In northern Malawi, near the southern edge of Mzuzu, the district capital, a group of church members from the Kajiti Church of Christ joined with members from several other churches to create farm clubs. It is their intent to fight hunger and improve their lives. Swadick Mbale poses in front of one of the corn (maize) fields that are reflective of their success. How did they do this at a time so many others were suffering from famine?
Three years ago, the Malawi Project gave support to this club through incentives that included a V-Tractor and Drip irrigation kits to support their effort to move out of the hunger trap. The tractor was used to till members’ fields. “We could have the tractor rotate in farmer’s fields and help till the ground in readiness for planting.”Monster Kanyinji, a local church leader noted.
While others suffering through consecutive periods of hunger this group of small farmers in Mzuzu was not affected. Wilson Tembo noted that when he visited the farmers some time after giving them the support Kanyinji confidently said with the use of the V-Tractor, his club was able to reduce the time needed to cultivate the field, and thus were able to increase the cultivated land.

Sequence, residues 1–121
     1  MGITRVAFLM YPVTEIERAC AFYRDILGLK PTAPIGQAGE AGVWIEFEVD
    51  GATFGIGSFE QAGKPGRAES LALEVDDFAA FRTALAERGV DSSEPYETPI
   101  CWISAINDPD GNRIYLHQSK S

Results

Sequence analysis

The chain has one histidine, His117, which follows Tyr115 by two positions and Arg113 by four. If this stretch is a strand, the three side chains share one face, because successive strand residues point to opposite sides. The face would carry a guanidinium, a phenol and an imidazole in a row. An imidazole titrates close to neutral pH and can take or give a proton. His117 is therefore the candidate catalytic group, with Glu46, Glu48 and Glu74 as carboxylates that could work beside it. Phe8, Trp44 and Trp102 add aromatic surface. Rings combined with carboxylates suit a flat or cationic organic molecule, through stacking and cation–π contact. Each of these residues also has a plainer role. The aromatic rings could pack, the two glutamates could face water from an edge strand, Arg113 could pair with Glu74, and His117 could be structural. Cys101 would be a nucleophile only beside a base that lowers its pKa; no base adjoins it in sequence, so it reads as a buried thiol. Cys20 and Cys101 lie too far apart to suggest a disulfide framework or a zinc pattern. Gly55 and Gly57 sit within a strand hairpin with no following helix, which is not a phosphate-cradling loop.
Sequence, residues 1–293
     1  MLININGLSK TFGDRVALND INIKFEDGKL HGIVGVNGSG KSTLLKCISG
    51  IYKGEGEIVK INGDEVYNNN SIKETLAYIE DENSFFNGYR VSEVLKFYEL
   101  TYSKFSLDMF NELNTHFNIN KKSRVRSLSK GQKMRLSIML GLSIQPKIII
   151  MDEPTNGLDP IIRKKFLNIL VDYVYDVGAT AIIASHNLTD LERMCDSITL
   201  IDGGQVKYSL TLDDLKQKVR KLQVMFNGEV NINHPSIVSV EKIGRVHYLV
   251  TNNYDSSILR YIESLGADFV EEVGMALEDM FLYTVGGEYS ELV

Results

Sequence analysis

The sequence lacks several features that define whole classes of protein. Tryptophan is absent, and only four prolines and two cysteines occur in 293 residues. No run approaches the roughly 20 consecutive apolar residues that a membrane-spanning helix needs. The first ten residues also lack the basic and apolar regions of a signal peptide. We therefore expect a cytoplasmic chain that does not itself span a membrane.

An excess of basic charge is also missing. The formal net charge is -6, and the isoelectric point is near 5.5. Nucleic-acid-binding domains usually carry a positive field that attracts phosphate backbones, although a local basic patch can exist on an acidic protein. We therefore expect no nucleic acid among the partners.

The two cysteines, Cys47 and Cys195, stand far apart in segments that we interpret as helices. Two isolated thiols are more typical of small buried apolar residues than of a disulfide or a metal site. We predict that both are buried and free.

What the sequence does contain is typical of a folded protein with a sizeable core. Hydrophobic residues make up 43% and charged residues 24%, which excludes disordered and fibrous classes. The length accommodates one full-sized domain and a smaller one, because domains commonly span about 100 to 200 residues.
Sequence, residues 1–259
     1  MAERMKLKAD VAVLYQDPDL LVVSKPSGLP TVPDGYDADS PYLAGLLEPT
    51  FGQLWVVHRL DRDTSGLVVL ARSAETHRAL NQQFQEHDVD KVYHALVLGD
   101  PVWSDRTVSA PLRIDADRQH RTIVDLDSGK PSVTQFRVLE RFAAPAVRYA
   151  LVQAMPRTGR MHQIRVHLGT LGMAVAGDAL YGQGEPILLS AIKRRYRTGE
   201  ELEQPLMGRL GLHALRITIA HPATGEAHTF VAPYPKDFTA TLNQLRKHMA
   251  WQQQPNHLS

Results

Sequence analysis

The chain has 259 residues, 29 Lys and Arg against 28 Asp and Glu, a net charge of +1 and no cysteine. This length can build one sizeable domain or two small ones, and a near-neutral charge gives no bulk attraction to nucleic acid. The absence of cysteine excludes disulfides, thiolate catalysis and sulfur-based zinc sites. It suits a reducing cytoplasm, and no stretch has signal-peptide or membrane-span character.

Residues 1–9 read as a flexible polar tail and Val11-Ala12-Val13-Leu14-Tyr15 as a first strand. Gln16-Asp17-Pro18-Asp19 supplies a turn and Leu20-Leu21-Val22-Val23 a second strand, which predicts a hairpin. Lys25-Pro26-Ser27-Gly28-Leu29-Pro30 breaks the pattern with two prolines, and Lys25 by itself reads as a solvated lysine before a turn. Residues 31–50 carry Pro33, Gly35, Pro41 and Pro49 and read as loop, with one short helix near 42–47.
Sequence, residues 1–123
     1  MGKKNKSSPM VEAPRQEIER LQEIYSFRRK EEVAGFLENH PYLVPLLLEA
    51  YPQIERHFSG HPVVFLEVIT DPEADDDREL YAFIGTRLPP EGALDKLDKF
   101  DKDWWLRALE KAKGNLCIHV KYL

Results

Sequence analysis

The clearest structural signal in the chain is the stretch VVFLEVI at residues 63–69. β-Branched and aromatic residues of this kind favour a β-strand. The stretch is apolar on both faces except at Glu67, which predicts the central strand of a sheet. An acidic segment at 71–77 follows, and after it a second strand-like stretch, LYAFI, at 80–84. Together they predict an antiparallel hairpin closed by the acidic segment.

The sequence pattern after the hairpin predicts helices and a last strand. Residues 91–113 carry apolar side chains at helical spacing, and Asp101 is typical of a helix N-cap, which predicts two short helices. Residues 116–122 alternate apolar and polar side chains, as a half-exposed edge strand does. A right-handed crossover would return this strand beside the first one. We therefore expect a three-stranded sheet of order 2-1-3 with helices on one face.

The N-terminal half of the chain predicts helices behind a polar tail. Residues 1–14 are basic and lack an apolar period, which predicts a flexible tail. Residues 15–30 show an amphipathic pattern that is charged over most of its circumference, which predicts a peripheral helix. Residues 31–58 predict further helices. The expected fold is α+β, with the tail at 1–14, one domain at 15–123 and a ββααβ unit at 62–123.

Tembo continued, “As we visited the maize, tomato and carrots gardens, it was evident that with the available resources like a tractor, and the drip lines, the cycle of hunger can be broken once and for all.”
“To be hungry is a matter of choice. You can choose to be hungry or not,” One farmer commented. He emphasized its possible to do much more with the tractor than could be done with a hoe.
Malawi’s economy is agricultural, and natural resource-based, with the majority of Malawians practicing subsistence farming characterized by small land holdings, and continuous cultivation on the same piece of land. To check the continuous cycle of food deficit, the Malawi Project is focused on empowering rural smallholder farmers to produce enough yields both for food and income.
“With the aid of the V-Tractor and Drip irrigation systems, farmers are empowered to do much less of manual work, while at the same time increasing the yields,” Tembo explained.